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Lawyer who filed complaints of torture branded a ‘dangerous inmate’

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Cevheri Güven

Turkish authorities have sent a lawyer who has been imprisoned for four years on dubious terror charges to a high-security prison and put him in a solitary cell after he filed complaints about numerous torture incidents in jail. Metin Can Yılmaz, a rights advocate who has a Ph.D. in human rights law, was branded by authorities as a “dangerous inmate” after he pursued rampant allegations of torture in Keskin Prison, located in the Central Anatolian city of Kırıkkale.

Yılmaz has filed 41 legal complaints alleging torture upon investigating the files of co-defendants in his trial, according to court records from a hearing on September 30, 2020. During the latest hearing on December 24, Yılmaz asked the judges of the Ankara 16th High Criminal Court hearing his trial to recuse themselves, claiming that they have not looked into the complaints and therefore had lost their impartiality in the case. After Yılmaz’s request, the same court sent him to the Sincan high-security prison in the capital city of Ankara and placed him in a solitary cell, classifying him as a “dangerous inmate.”

In Turkey, inmates classified as dangerous are deprived of many rights enjoyed by other inmates. They are isolated and unable to see or talk to other inmates, having only an hour in the yard by themselves. These prisoners don’t have access to amenities such as TV or radio, and their access to books is restricted. Three guards accompany them when they meet with their families during visits.

Giving voice to torture allegations during trial

Yılmaz is the son-in-law of Enver Altaylı, a former Turkish intelligence agency member and a well-known figure in the country’s recent history who worked closely with former presidents Süleyman Demirel and Turgut Özal. Altaylı was favored by these presidents, to the extent that the Turkish presidency assigned a plane for his trips abroad. However, Altaylı was arrested on August 27, 2017, one year after a failed coup in 2016 for which Ankara blames Gülen movement, a religious group outlawed by Ankara. Altaylı has been imprisoned for alleged membership in the Gülen movement, and his son-in-law, Yılmaz, turned himself in after a court ordered his detention following that of his father-in-law. The two have been in jail since then.

Yılmaz and Altaylı filed many complaints claiming that they faced torture in police custody and that in prison they were being held in appalling conditions bordering on torture.


Fighting torture in jail

Yılmaz started to look into the torture allegations made by his co-defendants. He claimed there was systematic torture of Gülen movement members and said the courts were neglecting complaints lodged over allegations of torture against detainees accused of being members of the Gülen movement.

One of the torture claims he gave voice to in the hearing in September was that of Ertuğrul Akkaya, a detainee.

According to Yılmaz’s remarks in court, the police had made Akkaya stand for hours rear-handcuffed and took him to a room without cameras where he was battered and stripped naked. Yılmaz said a police officer named Abdulkadir Türkyıldız, whose badge number was identified by Akkaya as 153482, had made younger police officers lubricate his truncheon with soap and pressed it against Akkaya’s anus. Yılmaz cited Akkaya as saying that he was suffocated by a plastic bag put on his head three times.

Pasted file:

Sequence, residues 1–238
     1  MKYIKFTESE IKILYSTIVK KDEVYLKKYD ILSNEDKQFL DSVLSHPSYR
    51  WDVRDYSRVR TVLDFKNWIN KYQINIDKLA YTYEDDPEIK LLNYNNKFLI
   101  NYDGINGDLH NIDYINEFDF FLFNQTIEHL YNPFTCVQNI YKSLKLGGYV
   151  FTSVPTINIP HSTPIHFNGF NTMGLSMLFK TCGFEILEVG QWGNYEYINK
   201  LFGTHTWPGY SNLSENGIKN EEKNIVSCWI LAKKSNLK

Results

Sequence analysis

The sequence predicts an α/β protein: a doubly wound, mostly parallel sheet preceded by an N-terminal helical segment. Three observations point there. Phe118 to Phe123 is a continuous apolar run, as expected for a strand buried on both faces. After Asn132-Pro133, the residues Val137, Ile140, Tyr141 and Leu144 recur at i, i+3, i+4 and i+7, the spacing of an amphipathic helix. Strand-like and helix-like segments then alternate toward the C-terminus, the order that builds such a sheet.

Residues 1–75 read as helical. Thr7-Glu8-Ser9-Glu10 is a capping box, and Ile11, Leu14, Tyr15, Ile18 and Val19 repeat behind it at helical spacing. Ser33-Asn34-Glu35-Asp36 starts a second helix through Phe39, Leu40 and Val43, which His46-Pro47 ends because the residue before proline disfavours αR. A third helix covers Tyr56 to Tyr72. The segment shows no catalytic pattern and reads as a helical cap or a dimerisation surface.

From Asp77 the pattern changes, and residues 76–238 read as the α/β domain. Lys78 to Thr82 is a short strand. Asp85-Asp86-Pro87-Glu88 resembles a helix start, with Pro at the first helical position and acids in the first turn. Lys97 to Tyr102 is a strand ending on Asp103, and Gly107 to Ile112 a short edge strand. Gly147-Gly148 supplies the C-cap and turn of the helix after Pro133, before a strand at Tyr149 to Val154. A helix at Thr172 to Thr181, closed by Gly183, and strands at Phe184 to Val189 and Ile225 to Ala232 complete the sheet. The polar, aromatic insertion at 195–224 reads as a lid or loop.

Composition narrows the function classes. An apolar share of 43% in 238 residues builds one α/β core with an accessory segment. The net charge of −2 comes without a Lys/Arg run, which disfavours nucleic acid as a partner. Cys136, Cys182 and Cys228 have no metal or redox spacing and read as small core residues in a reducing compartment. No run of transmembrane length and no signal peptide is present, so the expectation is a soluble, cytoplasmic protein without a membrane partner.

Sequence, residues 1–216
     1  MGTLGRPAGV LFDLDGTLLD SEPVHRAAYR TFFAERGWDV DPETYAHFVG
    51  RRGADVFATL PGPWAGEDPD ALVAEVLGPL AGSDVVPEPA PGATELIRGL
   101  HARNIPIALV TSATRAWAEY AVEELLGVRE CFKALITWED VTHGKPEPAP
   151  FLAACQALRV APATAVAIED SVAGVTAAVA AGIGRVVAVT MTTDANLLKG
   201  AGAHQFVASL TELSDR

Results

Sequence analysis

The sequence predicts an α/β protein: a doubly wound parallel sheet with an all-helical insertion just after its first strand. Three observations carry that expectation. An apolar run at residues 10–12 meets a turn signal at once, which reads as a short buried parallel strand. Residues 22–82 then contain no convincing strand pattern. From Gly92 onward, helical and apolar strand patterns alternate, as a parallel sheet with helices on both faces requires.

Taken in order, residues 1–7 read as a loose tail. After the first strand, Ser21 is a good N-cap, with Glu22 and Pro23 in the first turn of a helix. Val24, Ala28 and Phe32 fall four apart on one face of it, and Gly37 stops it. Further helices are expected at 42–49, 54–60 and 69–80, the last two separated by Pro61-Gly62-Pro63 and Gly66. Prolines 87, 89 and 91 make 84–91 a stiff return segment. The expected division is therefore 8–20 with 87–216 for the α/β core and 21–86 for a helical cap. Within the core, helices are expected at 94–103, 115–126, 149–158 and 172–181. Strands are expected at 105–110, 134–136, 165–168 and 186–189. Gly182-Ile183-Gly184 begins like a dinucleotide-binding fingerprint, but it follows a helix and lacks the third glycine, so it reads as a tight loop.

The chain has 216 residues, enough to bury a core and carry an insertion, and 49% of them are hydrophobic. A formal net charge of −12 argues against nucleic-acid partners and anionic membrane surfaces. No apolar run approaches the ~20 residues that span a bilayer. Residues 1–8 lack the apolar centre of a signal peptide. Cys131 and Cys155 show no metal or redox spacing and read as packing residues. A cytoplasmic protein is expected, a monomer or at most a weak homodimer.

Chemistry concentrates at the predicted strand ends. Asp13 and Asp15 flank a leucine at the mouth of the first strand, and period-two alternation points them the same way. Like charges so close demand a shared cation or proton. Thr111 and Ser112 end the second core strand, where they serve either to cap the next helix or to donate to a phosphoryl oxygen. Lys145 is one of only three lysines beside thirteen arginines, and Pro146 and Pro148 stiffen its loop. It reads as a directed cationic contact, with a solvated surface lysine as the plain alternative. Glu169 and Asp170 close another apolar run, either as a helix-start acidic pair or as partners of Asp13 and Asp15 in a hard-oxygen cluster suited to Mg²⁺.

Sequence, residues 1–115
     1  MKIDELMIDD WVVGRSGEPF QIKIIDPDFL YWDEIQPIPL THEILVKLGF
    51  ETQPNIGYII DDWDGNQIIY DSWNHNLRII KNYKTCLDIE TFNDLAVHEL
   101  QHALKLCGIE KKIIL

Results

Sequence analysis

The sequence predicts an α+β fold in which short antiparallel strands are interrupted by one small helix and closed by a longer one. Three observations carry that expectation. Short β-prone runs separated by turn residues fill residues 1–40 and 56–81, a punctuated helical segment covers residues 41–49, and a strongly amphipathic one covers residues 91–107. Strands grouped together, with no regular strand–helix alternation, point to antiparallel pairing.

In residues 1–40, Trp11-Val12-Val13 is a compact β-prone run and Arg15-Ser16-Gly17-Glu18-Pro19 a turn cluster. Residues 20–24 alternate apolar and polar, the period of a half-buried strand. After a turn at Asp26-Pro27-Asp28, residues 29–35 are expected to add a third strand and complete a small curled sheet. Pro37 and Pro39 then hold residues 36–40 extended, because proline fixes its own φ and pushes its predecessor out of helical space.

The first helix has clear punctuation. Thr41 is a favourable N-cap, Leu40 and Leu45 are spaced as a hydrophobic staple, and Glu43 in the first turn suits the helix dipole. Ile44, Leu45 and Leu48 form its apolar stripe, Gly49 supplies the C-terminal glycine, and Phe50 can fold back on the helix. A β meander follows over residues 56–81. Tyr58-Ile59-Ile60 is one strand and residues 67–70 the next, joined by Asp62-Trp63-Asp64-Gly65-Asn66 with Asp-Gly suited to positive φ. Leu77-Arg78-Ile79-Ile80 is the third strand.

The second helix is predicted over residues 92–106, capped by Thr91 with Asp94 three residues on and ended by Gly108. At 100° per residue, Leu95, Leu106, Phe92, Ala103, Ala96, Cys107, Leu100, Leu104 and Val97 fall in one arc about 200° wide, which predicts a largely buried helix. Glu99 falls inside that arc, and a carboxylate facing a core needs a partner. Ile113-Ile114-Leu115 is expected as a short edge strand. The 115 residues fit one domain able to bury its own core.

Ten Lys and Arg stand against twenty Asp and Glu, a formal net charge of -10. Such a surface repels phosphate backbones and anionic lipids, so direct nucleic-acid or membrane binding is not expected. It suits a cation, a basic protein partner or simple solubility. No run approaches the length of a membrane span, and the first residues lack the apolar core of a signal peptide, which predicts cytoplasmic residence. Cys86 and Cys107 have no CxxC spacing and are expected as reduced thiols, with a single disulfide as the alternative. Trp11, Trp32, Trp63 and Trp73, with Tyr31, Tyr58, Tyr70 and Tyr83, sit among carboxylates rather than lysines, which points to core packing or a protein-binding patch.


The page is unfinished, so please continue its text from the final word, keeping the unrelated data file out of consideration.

Yılmaz said he related Akkaya’s allegations to a judge named Sebahattin Sarıdoğan; however, no investigations were launched into the claims. Upon seeing his appeals falling on deaf ears, Yılmaz filed a criminal complaint against the judge for hiding torture allegations and for discrimination.

“Judges of the Ankara 16th High Criminal Court have employed a policy of zero-tolerance against people who file complaints about torture, instead of zero-tolerance against torturers. They are also guilty of discrimination since they have been committing this crime solely against FETO [a derogatory acronym used by Ankara to refer to the Gülen movement] defendants, on purpose and repeatedly. On these grounds, I lodge a criminal complaint against Sebahattin Sarıdoğan and the other judges working with him, for wronging people through misconduct, and for the crime of discriminating against them intentionally and systematically,” Yılmaz said.

Another torture victim whose grievances were voiced by Yılmaz is Şükrü Ersoy.

Ersoy, who was also arrested for alleged Gülen movement membership, claimed that he was abducted by National Intelligence Organization (MİT) agents when he was in custody at the Ankara Police Department and was tortured to the point that he was about to “lose his sanity.” Ersoy alleged that he had to take antidepressants for months after the incident.

Yılmaz is still in Ankara’s Sincan high-security prison, sources say.

President Recep Tayyip Erdoğan and his Justice and Development Party (AKP) government accuse Muslim cleric Fethullah Gülen along with members of the Gülen movement inspired by him of orchestrating the attempted coup that claimed the lives of more than 250 civilians in Turkey on July 15, 2016.

Although Gülen and members of his faith-based movement strongly deny any role in the abortive putsch, Ankara removed in excess of 130,000 civil servants from their jobs and imprisoned more than 80,000 citizens over links to the movement as part of a massive purge launched under the pretext of an anti-coup fight.

Since then, there have been widespread claims of torture in Turkey’s prisons and detention centers that have so far gone uninvestigated.

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